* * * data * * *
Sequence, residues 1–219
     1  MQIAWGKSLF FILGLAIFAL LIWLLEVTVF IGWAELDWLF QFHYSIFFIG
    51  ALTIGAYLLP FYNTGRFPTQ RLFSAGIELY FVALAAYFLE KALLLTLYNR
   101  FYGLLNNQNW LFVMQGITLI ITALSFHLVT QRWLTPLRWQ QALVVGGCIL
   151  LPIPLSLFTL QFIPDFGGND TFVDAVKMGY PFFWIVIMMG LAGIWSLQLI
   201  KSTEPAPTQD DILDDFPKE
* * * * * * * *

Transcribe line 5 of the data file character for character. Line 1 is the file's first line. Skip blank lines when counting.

   151  LPIPLSLFTL QFIPDFGGND TFVDAVKMGY PFFWIVIMMG LAGIWSLQLI